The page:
Monday, February 20, 2012

Combat Stress

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This is what I feel like at the end of the day, and sometimes during the day when I am finally still and alone. If I am with my kids I have to be on alert,  apparently just like a combat soldier.  The times I have been off target didn't have the same dire results as someone in combat, but I did relearn why I can't relax unless I know the kids are off to school or asleep.  It doesn't feel like I am at war, and  I am not saying that I have to do anything close to what those in the military do in their daily lives.
 I do know I put myself last a lot of the time and it is hard to put yourself first when you have to stay a step ahead of what's going on.  It's not the same as post traumatic stress disorder, instead it is the daily running on alert over a long period of time that causes caretakers to have stress related health issues.
In a recent study they tested moms of adolescents and adult with autism.  They followed a group of moms who care for adolescents and adults with autism for eight days in a row. Moms were interviewed at the end of each day about their experiences and on four of the days researchers measured the moms' hormone levels to assess their stress.  They found that the hormone associated with stress was extremely low, consistent with people experiencing chronic stress such as soldiers in combat. These findings can be read here:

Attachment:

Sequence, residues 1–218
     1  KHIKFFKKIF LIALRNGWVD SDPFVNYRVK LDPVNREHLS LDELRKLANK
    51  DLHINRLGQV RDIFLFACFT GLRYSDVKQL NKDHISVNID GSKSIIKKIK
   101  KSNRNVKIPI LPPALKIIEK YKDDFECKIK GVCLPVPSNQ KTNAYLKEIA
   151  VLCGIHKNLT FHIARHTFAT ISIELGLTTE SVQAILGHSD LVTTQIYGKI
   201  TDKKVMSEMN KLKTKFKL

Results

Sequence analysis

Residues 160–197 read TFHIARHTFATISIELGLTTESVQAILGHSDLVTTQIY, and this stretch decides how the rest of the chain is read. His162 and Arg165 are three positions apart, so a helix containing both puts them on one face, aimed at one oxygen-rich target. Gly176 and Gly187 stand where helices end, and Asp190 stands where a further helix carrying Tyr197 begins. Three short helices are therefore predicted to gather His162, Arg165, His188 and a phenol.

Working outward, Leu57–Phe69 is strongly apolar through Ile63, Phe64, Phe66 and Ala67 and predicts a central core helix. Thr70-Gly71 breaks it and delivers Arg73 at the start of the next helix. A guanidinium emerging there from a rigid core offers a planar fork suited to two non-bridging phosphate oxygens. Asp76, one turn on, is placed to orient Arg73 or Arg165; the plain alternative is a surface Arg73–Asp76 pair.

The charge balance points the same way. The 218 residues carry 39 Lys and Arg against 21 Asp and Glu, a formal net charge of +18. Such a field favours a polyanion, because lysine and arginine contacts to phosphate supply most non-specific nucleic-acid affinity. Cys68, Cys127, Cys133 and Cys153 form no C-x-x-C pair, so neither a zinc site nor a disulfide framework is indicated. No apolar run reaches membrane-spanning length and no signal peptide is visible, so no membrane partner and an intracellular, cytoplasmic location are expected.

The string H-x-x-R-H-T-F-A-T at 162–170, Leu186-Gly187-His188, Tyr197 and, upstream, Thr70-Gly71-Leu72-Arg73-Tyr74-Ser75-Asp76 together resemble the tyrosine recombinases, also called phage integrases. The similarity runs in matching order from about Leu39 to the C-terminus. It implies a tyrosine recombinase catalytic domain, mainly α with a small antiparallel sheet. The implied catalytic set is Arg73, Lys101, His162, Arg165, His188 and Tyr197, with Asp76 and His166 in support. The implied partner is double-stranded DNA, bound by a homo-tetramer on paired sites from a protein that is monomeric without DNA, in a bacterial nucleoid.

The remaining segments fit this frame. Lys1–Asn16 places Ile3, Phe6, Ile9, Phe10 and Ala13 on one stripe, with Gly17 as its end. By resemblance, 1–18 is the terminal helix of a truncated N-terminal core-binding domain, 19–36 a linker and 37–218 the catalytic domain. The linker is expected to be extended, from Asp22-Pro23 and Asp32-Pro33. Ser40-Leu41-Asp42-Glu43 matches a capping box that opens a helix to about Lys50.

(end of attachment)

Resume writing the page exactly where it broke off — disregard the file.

Just recently I let my guard down when I was sick, I nodded off on the sofa and awoke and realized what had happened; I found SensiGirl  upstairs using Random Guys scissors to cut off her hair.  There have been a few moments like that over the years.

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I think the common factor caregivers have with the combat soldiers is not being able to let your guard down, not to let your attention to get too divided,  nor forget about what you are doing or what is going on in your surroundings .  If I don't keep track of SensiGirl's movements I will pay with a mess to clean up at the least, or a trip to the doctor at the worst. We've gone to the doctor for peas up her nose a couple of times. She doesn't do that anymore, as she grows up her messes grow developmentally with her.  I clean up slimy hand lotion messes off SensiGirl and her bedroom floor at least monthly. (I have really dry skin and if I don't keep the hand lotion  handy, well it doesn't get used and I am back at the doctor's office with cracked hands.)
I try to give her more sensory things to do, like helping make the pizza dough, sensory toys,  or Sensory Science Friday, but every time I relax and forget about things, there it is, one of her messes. Painting the kitchen in ketchup was memorable.
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 The good that comes out of the the studies and the comparison it makes is caregivers and their doctors recognize the daily stress Moms' experience is real.It may make them take the effects of stress from care-giving a special needs kids seriously. The illnesses that come from constant daily stress are real. Take care of yourself. Now, I think I will go take a nap. (It's okay, they are at school.)

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